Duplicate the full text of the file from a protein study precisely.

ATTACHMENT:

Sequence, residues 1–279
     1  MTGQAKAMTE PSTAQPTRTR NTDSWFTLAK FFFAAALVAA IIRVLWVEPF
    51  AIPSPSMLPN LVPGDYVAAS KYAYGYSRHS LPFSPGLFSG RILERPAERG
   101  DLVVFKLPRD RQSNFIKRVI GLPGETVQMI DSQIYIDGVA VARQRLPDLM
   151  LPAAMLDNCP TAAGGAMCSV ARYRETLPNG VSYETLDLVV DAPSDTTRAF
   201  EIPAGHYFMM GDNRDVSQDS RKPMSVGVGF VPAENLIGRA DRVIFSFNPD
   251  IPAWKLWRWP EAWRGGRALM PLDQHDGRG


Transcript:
Sequence, residues 1–279
     1  MTGQAKAMTE PSTAQPTRTR NTDSWFTLAK FFFAAALVAA IIRVLWVEPF
    51  AIPSPSMLPN LVPGDYVAAS KYAYGYSRHS LPFSPGLFSG RILERPAERG
   101  DLVVFKLPRD RQSNFIKRVI GLPGETVQMI DSQIYIDGVA VARQRLPDLM
   151  LPAAMLDNCP TAAGGAMCSV ARYRETLPNG VSYETLDLVV DAPSDTTRAF
   201  EIPAGHYFMM GDNRDVSQDS RKPMSVGVGF VPAENLIGRA DRVIFSFNPD
   251  IPAWKLWRWP EAWRGGRALM PLDQHDGRG